IdeasTap charity to close in June with the loss of seven jobs

The charity, which helps young people who want to work in the creative industries, will fold because its main funder, the Peter De Haan Charitable Trust, can no longer support it

IdeasTap
IdeasTap

IdeasTap, a charity that helps young people who want to work in the creative industries, has said that it will close in June, with the loss of seven jobs.

The charity has received more than 90 per cent of its £13m total funding since its creation in 2008 from its chair’s philanthropic trust, the Peter De Haan Charitable Trust, but the trust has said that it can no longer provide any funding.

Other funders, such as the Sky Academy and Arts Council England were unable to provide the £2.5m a year the Peter De Haan Trust had donated to enable IdeasTap to operate.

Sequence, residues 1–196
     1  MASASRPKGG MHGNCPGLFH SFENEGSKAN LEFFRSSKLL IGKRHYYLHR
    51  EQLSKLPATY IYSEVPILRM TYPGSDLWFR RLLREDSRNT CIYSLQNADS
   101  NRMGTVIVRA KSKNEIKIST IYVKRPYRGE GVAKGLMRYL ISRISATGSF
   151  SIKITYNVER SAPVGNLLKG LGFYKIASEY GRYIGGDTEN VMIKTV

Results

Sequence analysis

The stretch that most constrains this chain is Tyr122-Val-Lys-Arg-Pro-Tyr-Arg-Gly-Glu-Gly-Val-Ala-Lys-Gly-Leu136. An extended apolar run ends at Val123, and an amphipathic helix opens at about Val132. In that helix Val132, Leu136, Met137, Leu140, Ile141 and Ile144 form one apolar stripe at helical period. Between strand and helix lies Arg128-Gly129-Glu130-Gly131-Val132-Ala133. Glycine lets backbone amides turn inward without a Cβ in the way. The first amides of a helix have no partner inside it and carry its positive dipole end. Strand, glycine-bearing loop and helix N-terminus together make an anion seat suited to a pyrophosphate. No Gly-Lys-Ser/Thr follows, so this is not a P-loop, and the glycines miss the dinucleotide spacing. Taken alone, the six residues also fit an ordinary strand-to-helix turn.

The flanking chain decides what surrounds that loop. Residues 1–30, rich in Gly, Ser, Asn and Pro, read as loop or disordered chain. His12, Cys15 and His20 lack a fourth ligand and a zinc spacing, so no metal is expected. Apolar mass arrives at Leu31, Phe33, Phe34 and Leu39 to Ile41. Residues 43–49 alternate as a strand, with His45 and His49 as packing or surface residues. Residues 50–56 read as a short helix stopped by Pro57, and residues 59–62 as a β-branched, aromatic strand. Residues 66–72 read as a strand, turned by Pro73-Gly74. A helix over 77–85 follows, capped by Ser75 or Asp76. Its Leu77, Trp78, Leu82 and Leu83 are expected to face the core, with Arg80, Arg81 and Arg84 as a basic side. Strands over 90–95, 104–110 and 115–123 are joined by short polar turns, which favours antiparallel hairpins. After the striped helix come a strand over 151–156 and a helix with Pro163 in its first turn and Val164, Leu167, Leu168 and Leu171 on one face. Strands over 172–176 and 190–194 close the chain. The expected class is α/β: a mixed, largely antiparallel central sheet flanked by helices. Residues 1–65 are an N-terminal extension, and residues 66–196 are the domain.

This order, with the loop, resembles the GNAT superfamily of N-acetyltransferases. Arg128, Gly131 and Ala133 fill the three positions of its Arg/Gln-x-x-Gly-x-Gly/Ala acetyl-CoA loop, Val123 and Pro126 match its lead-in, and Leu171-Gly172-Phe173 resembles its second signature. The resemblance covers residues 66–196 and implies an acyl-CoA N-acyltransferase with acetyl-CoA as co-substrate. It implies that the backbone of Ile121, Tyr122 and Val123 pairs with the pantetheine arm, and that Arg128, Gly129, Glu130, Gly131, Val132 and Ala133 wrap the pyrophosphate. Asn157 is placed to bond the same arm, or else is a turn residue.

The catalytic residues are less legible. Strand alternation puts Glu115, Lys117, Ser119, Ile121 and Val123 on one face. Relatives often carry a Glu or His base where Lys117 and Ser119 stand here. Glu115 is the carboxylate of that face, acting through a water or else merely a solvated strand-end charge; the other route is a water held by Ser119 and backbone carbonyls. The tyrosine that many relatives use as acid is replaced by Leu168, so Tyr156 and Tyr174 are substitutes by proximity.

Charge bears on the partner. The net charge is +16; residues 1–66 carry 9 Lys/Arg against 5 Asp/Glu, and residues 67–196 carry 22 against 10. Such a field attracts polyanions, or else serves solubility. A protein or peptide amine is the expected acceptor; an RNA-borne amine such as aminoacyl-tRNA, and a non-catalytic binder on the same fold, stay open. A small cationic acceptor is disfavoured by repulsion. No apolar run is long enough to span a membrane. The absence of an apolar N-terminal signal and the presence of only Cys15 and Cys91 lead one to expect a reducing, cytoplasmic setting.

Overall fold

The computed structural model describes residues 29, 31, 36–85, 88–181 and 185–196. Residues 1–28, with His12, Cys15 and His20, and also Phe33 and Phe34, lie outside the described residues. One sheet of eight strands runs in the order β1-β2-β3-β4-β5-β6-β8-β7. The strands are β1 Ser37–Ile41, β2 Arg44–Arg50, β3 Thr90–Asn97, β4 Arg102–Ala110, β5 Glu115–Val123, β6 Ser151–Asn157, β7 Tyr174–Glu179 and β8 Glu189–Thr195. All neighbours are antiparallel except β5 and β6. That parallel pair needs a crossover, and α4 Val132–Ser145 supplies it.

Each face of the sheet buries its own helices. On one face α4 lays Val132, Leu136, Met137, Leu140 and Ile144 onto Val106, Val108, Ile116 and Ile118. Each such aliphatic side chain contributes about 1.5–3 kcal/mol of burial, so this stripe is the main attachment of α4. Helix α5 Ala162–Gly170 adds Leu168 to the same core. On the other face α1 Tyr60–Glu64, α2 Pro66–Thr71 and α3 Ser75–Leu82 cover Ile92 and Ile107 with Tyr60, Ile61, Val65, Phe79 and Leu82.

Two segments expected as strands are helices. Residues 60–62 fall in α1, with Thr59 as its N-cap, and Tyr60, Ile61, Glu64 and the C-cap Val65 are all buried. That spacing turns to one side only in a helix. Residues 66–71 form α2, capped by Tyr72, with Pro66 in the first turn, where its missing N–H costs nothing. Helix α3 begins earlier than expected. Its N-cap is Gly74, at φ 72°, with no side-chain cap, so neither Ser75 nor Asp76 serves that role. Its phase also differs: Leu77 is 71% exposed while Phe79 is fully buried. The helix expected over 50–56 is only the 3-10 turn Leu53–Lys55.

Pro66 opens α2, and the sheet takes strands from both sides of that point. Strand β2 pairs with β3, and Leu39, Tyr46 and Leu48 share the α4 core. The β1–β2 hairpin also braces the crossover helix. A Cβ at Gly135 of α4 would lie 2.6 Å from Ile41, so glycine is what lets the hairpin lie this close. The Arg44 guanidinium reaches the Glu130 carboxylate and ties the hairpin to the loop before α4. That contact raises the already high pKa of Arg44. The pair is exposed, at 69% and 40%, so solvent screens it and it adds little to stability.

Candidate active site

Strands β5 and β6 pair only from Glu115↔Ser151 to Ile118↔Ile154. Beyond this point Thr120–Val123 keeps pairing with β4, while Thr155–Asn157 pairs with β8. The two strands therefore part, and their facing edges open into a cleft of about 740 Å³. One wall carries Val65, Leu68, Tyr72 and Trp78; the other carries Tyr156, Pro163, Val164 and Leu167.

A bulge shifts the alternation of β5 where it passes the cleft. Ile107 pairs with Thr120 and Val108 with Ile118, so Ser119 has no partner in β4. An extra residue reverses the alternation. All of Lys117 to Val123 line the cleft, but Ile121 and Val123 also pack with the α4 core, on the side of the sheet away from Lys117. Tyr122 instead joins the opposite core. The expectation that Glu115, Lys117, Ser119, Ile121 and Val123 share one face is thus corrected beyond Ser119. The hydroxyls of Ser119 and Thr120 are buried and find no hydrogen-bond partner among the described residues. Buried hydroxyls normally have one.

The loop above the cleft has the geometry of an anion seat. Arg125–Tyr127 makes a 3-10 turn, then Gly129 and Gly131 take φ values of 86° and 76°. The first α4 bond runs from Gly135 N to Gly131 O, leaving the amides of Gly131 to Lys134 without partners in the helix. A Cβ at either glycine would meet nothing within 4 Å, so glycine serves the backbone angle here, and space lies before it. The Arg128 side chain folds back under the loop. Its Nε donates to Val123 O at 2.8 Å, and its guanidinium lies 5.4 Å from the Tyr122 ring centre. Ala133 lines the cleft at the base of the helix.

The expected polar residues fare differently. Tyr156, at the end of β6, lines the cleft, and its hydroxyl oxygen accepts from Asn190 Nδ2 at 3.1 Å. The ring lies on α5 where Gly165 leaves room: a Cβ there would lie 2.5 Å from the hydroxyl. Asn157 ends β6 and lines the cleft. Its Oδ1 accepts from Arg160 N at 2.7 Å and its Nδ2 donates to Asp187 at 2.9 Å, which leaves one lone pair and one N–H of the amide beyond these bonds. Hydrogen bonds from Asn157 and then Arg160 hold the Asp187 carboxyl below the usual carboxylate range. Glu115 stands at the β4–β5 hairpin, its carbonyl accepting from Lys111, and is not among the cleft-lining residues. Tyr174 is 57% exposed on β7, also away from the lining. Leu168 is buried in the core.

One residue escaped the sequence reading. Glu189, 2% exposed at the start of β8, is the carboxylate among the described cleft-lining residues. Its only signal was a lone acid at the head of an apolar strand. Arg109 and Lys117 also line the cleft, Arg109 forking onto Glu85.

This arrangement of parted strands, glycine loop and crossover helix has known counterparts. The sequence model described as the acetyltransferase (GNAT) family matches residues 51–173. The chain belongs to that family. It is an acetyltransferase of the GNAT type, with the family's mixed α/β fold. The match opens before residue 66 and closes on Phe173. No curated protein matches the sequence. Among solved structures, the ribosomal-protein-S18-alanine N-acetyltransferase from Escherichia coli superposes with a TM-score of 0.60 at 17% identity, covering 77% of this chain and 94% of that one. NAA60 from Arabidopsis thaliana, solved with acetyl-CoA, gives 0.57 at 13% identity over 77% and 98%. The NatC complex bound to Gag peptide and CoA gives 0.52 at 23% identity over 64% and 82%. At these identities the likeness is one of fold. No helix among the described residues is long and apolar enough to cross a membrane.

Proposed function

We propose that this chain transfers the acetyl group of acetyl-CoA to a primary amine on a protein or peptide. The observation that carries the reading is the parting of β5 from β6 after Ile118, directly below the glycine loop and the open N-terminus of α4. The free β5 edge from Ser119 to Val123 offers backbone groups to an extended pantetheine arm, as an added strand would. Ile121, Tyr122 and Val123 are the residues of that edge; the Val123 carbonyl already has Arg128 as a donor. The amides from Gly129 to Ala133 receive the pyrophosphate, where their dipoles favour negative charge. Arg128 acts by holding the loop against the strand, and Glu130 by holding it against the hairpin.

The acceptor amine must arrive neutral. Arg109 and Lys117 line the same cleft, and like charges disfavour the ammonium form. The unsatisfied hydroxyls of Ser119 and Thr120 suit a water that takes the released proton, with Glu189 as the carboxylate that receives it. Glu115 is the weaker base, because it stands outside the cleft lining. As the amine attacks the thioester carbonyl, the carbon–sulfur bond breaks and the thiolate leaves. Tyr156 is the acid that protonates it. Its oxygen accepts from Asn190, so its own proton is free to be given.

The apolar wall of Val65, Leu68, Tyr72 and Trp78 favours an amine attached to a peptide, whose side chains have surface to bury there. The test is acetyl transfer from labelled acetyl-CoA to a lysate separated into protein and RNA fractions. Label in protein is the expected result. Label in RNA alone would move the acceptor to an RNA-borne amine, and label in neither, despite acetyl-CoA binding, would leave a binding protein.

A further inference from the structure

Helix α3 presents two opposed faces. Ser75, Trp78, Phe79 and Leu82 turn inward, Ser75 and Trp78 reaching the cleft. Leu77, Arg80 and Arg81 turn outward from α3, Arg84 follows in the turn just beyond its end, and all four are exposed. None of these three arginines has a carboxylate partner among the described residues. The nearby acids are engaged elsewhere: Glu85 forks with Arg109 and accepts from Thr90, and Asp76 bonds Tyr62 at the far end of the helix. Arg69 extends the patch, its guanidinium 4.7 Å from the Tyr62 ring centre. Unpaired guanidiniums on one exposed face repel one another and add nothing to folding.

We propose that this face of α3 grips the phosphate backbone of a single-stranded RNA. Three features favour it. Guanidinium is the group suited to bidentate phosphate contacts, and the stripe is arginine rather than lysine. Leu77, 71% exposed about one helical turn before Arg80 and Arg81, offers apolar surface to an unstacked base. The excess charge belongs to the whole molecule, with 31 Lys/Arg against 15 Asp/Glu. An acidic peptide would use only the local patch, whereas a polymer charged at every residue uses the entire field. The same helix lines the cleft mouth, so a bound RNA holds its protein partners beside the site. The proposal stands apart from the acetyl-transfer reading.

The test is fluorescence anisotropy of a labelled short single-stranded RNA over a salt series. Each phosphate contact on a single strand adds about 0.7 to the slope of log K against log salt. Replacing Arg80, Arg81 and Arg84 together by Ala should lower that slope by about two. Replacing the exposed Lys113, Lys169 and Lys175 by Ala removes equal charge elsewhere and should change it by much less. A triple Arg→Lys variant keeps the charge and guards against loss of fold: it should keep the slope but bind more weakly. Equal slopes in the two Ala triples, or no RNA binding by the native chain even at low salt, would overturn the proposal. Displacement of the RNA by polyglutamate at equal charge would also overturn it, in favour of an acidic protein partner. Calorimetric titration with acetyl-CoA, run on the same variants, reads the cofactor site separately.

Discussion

Twelve employees were made redundant in December after it was made clear the charity could no longer raise enough funds to continue.

The charity, which had an income of just under £2.9m and an expenditure of £2.4m in the year to April 2014, said it had supported 190,000 artists in film, theatre and other creative industries with mentoring, training and skills development through links with 51 partners, including the National Youth Theatre and the British Film Institute.

De Haan, former chief financial officer at Saga – the company that serves the needs of the over-50s – told Third Sector that for the past 12 months IdeasTap had been searching for alternative sources of funding without success. He said that fundraising for skills charities was notoriously difficult.

"I tried for four years to get corporates to engage with this skills side," he said. "I approached more than 400 organisations, but only five showed interest and none of them could provide any funding. The problem is that we’re not sexy."

De Haan said the likelihood of a last-minute funder saving the charity was negligible.

He said IdeasTap would honour its commitment to projects at the Edinburgh Festival Fringe in August, but its activities would generally be wound down by the end of June. Its legacy site, which showcases existing talent, would continue for the time being, the charity said.

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